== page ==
Christian Reynolds is a Knowledge Exchange Research Fellow in the Department of Geography, University of Sheffield, a Technical Specialist in international food sustainability at WRAP, UK, and an adjunct Research Fellow at the Barbara Hardy Institute for Sustainable Environments and Technologies, University of South Australia. His research examines the economic and environmental impacts of food consumption; with focus upon food waste, and sustainable, healthy, and affordable diets.
Tammara Soma is an Assistant Professor in Planning at the School of Resource and Environmental Management at Simon Fraser University. She is the Research Director and also the Co-Founder of the Food Systems Lab, the first social innovation lab to address the issue of food waste and food insecurity in Canada.
Charlotte Spring is a postdoctoral researcher at the University of Calgary. Her PhD compared UK surplus food redistribution as charitable and activist practice. She has also undertaken considerable campaign work focusing critically on the relationships between food wastage and food insecurity.
Jordon Lazell is a Researcher at the Centre for Business in Society in the Faculty of Business and Law at Coventry University, UK. His research concerns sustainable consumption and production practices with a specific interest in food waste.
"In the Global North, a post-war regime of sufficiency and surplus arguably rendered food waste politically and culturally visible. Academic researchers paid comparatively little attention to it. Over the last decade, the issue has gained significant momentum to become a recognized priority in the global policy arena. It engages a range of stakeholders including activists and campaigners, governments and legislators, citizens and consumers, and even food corporations. The task of understanding and responding to food waste requires attention from a range of academic perspectives. For example, there is a need for a credible definition of what food waste is as well as suitable techniques for measuring and modelling it. There is also a need to understand the social and spatial dynamics of waste generation; the dynamics of international food systems; the relationships between different elements of the food chain, and the interplay of society, economy and environment. I could go on. The point is that the complexities of food waste can be quite overwhelming. This wide-ranging handbook brings together leading authors who together possess a wealth of complementary experience and expertise. By distilling it and collecting it together in one place, this collection offers a much-needed and long-overdue overview and introduction to the various facets of the food waste crisis. Moreover, it offers the potential to develop solutions that are evidence-based, creative and socially just. This will no doubt become the ‘go-to’ resource for interdisciplinary researchers and practitioners working on food waste." - David Evans, Professor of Material Culture and Food Security Lead at the Cabot Institute for Environment, University of Bristol, UK, author of Food Waste and Waste Matters: New Perspective on Food and Society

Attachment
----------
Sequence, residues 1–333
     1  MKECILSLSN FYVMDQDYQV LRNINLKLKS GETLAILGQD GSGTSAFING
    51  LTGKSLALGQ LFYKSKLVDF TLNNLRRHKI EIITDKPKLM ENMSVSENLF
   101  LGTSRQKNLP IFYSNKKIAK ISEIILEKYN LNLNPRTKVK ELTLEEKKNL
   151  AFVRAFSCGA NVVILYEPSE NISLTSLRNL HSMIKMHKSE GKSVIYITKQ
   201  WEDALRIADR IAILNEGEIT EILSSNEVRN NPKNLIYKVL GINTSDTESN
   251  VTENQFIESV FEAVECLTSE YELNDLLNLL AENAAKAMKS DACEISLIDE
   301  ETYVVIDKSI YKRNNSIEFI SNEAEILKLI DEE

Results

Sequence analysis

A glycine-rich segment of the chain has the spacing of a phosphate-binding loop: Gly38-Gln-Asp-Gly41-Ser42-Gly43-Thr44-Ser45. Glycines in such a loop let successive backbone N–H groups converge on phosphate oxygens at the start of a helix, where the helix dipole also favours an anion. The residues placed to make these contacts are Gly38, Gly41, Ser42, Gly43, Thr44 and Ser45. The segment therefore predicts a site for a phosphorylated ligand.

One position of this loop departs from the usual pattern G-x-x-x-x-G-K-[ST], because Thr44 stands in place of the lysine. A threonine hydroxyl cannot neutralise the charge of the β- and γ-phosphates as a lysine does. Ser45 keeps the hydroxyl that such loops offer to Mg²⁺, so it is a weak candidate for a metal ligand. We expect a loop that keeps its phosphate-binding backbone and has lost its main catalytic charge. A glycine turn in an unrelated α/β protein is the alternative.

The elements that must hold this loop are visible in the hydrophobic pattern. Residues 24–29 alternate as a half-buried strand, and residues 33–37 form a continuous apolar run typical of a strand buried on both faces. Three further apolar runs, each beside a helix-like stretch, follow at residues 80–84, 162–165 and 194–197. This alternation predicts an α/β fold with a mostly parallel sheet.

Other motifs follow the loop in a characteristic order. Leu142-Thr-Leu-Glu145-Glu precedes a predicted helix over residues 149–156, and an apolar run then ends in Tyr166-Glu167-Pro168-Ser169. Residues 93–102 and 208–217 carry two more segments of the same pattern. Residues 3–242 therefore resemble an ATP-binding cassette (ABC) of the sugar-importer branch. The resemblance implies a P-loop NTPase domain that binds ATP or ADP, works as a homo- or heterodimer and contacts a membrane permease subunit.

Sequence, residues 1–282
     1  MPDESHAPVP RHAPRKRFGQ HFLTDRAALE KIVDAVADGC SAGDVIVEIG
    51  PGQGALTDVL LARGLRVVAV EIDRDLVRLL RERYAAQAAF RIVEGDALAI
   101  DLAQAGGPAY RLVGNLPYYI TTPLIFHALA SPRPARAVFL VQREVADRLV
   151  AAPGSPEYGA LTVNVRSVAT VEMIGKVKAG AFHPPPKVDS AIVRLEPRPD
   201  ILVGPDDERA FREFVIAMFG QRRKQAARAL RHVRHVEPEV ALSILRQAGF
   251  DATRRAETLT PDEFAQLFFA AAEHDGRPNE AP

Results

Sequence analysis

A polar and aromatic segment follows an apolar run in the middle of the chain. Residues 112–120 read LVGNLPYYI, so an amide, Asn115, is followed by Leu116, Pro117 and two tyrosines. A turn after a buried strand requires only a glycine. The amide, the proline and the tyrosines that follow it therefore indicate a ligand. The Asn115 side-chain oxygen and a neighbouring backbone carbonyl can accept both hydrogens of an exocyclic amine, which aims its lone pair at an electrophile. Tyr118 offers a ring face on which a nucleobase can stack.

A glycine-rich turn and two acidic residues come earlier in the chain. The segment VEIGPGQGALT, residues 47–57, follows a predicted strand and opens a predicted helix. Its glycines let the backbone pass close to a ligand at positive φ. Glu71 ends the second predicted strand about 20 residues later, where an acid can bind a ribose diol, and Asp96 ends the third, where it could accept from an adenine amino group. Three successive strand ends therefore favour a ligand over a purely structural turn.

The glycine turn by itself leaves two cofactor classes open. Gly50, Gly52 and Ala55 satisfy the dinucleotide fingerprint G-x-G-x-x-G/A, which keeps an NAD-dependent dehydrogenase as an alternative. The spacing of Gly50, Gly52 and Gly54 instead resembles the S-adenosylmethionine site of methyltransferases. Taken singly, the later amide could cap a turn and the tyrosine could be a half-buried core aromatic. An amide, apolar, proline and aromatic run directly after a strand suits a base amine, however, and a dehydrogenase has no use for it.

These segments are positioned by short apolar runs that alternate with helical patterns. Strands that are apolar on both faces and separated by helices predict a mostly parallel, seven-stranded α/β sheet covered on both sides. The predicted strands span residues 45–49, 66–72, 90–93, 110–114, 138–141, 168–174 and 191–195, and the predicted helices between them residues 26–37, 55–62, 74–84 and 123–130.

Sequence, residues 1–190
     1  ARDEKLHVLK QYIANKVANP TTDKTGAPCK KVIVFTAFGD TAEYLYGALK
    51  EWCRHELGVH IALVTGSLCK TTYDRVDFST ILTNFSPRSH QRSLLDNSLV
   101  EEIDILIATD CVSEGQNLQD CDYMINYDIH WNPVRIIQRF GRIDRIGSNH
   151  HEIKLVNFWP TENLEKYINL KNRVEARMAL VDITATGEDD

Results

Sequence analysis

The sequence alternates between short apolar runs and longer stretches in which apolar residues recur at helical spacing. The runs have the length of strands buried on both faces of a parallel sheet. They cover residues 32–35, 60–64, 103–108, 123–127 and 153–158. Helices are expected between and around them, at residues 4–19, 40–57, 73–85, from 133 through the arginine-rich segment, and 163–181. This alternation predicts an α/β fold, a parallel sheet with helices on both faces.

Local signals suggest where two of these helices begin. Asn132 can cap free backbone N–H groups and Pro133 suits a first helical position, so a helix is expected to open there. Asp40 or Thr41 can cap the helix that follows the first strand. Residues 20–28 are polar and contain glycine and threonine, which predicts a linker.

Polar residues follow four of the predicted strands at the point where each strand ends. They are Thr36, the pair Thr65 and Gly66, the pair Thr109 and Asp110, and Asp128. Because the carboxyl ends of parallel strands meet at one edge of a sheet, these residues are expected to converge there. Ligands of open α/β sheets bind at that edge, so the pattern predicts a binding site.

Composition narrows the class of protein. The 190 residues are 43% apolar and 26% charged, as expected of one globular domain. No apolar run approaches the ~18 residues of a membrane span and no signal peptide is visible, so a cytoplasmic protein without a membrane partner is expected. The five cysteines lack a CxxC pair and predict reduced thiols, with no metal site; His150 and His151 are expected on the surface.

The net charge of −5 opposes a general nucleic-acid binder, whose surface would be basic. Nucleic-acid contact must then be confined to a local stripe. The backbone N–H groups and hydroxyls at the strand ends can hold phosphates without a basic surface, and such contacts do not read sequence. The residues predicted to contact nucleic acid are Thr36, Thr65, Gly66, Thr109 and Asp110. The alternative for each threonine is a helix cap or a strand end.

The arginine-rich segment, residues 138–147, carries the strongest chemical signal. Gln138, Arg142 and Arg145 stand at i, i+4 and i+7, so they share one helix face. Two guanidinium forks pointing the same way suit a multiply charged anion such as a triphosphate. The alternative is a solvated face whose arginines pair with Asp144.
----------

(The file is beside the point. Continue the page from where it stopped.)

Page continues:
"Scholarly, original, comprehensive, The Routledge Handbook on Food Waste is timely, indeed long overdue - an invaluable compendium of cross-disciplinary essays and ideas systematically theorizing and explaining key dimensions of today’s global food waste crisis. Its critical and reflective analyses shine fresh light on the history of food loss and waste rooted in political economy and spirituality; its causes along the food supply chain and approaches to policy and practices around the world. It further considers different methodologies including how best to measure food waste as well as distinct cultural approaches to food waste prevention and reduction. Solutions are explored with debates in food waste studies about how best to respond. Whether or not you understand food waste as a symptom of a dysfunctional corporatized food system and/or structurally embedded within overproducing throwaway capitalism, as a researcher, policy maker, think tank analyst, activist or campaigner this book will inform and stimulate your thinking and actions. An essential reference if you are concerned about feeding the world from a human rights perspective." - Graham Riches, Emeritus Professor of Social Work, University of British Columbia, Canada